Investor Profile

Denmark’s ATP defends risk parity despite worst loss ever

Denmark’s largest pension fund, the DKK 732.6 billion ($98 billion) ATP, has just posted its worst loss ever, shedding nearly DKK 58 billion ($8.2 billion) mostly in its investment portfolio. Rising interest rates and falling equity markets hit the allocation, impacting investments in government and mortgage bonds and listed equities particularly.

The return-seeking fund, run on a risk-parity basis since 2005, introduced four risk factors in 2016 based on equity, interest rates, inflation and other risk factors – namely illiquid risk factors and an allocation to long/short hedge funds or alternative risk premiums. The strategy has always sold itself on an ability to function well in almost any market environment due to its perfect balance between different asset classes.

Despite the latest results and other investors losing faith  with risk parity, ATP’s CIO Mikkel Svenstrup tells Top1000Funds he is sticking with the approach.

“ATP’s long-term strategy for the investment portfolio is to follow a balanced risk strategy in our four factors,” he says. “That hasn’t changed just because this year the rates factor has underperformed equity. A more traditional 60/40 portfolio would only have done slightly better.”

Svenstrup continues that in today’s stagflationary world, where central banks are fighting inflation by rising rates, none of the three main factors will perform. The largest positive contributions in the recent results came from the holdings of inflation-related instruments.

It means the most important decision lies around whether to increase or reduce the risk level, and during the first six months of 2022,  Svenstrup says ATP reduced the level of risk in the investment portfolio. Levels published at the end of 2021 marked market equity factor at 47 per cent, interest rate factor at 32 per cent, inflation factor at 14 per cent and other factors at 7 per cent.

Risk parity experts say that when interest rates are rising, risk parity can open the door to hidden interest rate risk seeping into other factors and upsetting the balance. For example, high interest rates can convert into lower equities. Rising inflation is another source of disruption because of its impact on interest rate risk. In short, the different factors may end up throwing off the same cashflows and stack up the same exposures. It can leave risk parity investors struggling to diversify and reduce risk – or running more risk than they thought they had.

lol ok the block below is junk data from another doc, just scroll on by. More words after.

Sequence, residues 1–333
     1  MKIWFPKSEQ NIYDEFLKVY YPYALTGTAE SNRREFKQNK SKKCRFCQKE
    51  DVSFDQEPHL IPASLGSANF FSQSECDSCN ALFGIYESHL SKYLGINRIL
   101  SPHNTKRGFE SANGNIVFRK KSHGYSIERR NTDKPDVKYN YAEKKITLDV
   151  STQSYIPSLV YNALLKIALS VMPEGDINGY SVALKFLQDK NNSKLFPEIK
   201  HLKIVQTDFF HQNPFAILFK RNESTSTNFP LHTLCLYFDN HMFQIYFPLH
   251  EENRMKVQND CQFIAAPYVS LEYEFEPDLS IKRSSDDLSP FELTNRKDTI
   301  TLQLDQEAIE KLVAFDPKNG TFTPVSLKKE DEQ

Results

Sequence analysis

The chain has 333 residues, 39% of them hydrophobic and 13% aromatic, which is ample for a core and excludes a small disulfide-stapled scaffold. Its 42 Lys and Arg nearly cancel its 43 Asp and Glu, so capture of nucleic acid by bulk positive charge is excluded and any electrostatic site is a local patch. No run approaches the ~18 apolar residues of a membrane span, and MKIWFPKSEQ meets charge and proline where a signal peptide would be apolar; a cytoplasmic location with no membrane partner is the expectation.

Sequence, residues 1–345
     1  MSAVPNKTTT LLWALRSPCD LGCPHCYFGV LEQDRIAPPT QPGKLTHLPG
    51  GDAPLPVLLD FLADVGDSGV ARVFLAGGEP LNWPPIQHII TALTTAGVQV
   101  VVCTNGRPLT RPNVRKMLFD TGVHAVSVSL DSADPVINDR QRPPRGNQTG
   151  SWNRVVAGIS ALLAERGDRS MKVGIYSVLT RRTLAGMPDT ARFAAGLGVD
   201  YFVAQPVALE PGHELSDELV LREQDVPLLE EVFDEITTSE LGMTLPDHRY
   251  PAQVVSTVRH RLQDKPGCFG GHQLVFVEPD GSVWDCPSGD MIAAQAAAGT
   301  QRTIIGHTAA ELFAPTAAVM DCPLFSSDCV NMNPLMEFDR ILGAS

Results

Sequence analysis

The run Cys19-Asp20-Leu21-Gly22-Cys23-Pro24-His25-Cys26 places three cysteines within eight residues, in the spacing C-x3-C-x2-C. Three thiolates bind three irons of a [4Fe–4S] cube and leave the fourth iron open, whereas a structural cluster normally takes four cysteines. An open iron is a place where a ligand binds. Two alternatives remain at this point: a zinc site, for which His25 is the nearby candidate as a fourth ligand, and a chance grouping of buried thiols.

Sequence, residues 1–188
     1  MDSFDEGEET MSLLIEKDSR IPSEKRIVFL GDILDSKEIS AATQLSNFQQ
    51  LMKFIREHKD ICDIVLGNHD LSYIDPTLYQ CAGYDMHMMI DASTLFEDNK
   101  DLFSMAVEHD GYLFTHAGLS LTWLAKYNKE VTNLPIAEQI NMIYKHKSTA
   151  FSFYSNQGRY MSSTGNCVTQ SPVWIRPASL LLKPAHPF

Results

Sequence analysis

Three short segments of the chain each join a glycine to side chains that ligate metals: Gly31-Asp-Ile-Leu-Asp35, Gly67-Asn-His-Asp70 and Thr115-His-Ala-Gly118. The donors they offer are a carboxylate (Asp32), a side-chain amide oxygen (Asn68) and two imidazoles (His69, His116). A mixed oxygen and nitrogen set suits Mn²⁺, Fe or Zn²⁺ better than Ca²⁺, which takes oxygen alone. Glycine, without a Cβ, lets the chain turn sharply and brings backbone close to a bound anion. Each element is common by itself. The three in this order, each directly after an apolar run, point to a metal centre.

Svenstrup  stresses that despite the losses, the basic security of ATP’s guaranteed pension is unchanged because of its large hedging programme.  “ATP protects its pension guarantees by hedging the interest rate risk allowing us to ensure that all our members – more than 5 million in Denmark – receive the pensions promised regardless of interest rates rising or falling. ATP will maintain its disciplined approach to risk management as a long-term investor.”

The funded ratio is secure, he continues. “ATP started 2022 with a funding ratio of 120 per cent after paying 4 per cent general bonus to all our members and now the funding ratio has dropped to 117.4 per cent which is in line with the historical levels.”

“No doubt we have had a large loss in the investment portfolio. However, given that the returns the last three years were 44.2 per cent, 23.3 per cent and 35 per cent – a half year return of -36.4 per cent is a poor outcome but not at all inconsistent with our high risk strategies,” he concludes.

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